Above, Matt Friedeman, pastor at DaySpring Community Church, can regularly be found counseling women outside the Jackson Women’s Health Organization, the only surgical abortion clinic in Mississippi.
January-February 2018 – “We got off the floor that night, and it was like a mountain was lifted off of me,” Michael said of his altar call experience at Raymond Detention Center.
Ten years later, Michael is an active church member of DaySpring Community Church. He’s not the only member who came to DaySpring from jail. Weekly visits to nearby prisons and jails are just part of the church’s culture.
“DaySpring comes to the darkest places…DaySpring finds people,” Michael explained.
A wounded heart
Meanwhile, a single mother across town who had experienced a life of abuse was crying out to God. She sensed the Lord telling her it was time for her to return to Him.
“I was lost,” said Maureen. “I was backslidden. I had been wounded in the churches I had attended. I had gone through a divorce, through Hurricane Katrina; I had been homeless.”
As she prayed, She heard in her spirit the word dayspring. Not knowing it was a church, she looked it up, made a phone call, researched the website, and one Sunday morning, she reluctantly showed up at the small, simple church.
The flamboyance she had seen in past churches was absent, while warm smiles and sincere words were plentiful. And the message that first Sunday seemed to be written specifically for her:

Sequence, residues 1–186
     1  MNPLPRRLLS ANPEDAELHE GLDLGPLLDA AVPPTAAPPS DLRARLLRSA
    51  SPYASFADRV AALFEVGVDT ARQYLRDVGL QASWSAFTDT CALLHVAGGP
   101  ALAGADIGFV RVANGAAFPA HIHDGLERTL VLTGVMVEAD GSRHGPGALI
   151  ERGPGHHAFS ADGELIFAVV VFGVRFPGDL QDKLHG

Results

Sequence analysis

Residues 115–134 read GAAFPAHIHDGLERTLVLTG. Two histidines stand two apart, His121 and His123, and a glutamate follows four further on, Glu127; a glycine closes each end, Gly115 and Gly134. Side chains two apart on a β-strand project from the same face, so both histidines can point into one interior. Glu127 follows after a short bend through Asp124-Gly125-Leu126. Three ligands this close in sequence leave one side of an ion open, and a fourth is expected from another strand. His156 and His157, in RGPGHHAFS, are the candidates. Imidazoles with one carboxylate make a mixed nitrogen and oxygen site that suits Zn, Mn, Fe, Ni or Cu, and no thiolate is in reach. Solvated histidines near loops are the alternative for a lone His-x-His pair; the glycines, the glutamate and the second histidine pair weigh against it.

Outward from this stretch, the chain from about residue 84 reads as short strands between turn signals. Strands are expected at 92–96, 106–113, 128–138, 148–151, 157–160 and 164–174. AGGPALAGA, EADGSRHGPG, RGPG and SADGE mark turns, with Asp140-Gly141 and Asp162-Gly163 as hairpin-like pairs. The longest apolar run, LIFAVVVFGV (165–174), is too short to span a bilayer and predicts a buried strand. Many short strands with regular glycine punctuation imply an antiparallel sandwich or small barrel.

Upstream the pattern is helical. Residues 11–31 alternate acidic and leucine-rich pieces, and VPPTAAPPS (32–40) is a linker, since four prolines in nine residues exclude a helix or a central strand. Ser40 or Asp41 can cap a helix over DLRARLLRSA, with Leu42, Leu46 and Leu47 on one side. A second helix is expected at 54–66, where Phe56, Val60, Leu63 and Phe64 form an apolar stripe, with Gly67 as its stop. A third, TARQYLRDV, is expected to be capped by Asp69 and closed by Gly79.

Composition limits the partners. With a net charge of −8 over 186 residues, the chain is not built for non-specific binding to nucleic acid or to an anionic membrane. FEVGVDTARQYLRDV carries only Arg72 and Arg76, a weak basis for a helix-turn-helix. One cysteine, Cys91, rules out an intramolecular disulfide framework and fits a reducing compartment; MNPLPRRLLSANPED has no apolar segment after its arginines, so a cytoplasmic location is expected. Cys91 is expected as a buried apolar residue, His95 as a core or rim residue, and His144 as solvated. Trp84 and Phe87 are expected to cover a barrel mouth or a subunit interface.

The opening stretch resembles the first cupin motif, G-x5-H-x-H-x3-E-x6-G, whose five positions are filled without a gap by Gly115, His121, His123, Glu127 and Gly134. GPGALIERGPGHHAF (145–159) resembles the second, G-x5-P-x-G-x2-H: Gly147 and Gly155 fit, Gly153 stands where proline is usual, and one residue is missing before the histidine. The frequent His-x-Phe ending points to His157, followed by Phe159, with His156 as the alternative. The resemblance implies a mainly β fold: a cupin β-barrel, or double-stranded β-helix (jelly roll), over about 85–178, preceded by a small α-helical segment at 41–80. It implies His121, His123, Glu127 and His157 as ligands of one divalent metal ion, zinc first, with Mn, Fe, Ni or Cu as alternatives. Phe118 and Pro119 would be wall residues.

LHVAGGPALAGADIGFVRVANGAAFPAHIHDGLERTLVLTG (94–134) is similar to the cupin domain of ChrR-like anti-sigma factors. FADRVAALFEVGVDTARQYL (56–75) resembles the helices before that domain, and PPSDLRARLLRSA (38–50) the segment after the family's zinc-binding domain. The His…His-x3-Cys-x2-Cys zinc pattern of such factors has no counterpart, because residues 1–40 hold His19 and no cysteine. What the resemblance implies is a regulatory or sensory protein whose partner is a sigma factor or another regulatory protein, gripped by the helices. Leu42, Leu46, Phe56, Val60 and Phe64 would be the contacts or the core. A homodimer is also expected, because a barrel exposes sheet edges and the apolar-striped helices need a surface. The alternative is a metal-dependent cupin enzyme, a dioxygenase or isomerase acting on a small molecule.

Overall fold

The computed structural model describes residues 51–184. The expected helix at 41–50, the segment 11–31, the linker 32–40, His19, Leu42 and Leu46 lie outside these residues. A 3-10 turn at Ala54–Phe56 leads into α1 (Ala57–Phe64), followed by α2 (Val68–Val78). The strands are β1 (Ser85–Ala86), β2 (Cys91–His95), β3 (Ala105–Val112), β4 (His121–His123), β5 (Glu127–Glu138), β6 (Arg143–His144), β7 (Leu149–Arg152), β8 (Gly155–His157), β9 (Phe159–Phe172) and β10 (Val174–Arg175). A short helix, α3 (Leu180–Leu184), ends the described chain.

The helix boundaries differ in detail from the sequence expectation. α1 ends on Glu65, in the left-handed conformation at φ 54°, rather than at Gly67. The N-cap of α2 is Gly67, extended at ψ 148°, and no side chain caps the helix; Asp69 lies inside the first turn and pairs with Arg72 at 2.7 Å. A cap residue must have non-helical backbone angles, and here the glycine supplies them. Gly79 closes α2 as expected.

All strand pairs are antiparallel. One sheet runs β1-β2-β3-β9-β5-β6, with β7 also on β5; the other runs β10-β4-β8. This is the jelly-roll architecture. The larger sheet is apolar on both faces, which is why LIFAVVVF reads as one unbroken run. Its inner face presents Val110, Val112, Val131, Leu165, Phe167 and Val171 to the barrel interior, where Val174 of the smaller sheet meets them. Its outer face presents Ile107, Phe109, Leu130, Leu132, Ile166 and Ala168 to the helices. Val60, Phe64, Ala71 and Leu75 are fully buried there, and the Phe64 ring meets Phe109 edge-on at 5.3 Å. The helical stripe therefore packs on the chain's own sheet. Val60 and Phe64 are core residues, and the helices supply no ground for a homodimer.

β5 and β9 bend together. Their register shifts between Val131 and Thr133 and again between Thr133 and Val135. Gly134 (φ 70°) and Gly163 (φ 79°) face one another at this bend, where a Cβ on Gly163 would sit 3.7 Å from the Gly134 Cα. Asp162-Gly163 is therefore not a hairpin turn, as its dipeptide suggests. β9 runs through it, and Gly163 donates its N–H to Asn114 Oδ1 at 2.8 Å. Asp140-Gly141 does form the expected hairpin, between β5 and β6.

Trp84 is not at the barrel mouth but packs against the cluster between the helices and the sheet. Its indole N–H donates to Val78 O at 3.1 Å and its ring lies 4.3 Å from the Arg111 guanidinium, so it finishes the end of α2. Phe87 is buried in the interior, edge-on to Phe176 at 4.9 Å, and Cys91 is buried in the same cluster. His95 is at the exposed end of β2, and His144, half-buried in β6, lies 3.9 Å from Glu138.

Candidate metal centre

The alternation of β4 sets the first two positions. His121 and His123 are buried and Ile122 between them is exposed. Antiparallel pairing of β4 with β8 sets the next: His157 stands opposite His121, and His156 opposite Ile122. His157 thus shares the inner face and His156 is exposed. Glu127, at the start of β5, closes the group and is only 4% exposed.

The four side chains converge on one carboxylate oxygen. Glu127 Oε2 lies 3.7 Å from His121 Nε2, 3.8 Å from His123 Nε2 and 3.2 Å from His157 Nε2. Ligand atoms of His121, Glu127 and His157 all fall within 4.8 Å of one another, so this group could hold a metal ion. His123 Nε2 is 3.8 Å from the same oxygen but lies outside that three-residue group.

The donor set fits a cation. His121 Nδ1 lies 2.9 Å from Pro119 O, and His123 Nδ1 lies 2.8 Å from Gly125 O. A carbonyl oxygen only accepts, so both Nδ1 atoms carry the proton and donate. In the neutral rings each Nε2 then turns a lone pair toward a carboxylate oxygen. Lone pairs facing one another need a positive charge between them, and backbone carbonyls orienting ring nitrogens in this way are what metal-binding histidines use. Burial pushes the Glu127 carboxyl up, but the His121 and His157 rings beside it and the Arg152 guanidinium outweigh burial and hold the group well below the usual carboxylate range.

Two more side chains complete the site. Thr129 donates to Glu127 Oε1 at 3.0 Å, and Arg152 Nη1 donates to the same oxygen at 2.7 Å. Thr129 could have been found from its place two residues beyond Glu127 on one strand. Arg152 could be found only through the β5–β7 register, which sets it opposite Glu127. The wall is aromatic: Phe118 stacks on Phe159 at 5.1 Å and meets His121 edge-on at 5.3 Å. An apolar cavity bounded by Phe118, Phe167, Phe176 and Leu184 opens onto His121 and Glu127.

“You’ve been wounded. You’ve been mistreated. It’s time for you to come back,” the pastor pleaded from the pulpit.
Although Maureen believed God had called her to DaySpring, she still had no intention of becoming involved. She had built thick, resilient, exterior walls to hide the pain and shame that consumed her. Along with wounds she carried from multiple rapes and abusive relationships, she had also covered a past abortion.
You called me in here, she said in prayer, but I’m going to sit in the very back. I don’t trust these people.
“I was looking for it to be a judgmental church,” she explained. “Just like the woman with the bottle of alabaster – if they knew who the woman was, they wouldn’t let her wash their feet. I kept waiting for the truth to come out, because they couldn’t keep covering it up.”
Love’s healing balm
It didn’t take long for someone to invite Maureen to a small group Bible study. In that setting, she received still more love. Her heart was beginning to soften.
A breakthrough came for her after a church member overheard her singing, and she was asked to sing a solo. Hesitantly, she agreed.
“When I sang the song, ‘I am not ashamed,’ I was in tears,” Maureen said. “The Lord was breaking me.”
And another congregant asked her to volunteer at the local crisis pregnancy center where she was guided through a post-abortion healing Bible study. After weeks of healing, the study culminated in a memorial service acknowledging and grieving the loss of her child. Maureen was deeply moved when her new pastor spoke at that private service.
“He didn't have to do that,” she said. “I was like Wow! That really did something for me.”
Maureen now ministers to female prisoners and post-abortive women, leads a sexual integrity Bible study, and is on the church worship team – not bad for someone who wasn’t going to get involved.
Before founding DaySpring 16 years ago, Dr. Matt Friedeman was a professor at Wesley Biblical Seminary in Jackson, Mississippi, and hosted a daily talk show on American Family Radio. From those platforms, he often contended that abortion would come to an end if pastors would lead their people to the abortion clinics to pray and reach out to the women going in for abortions.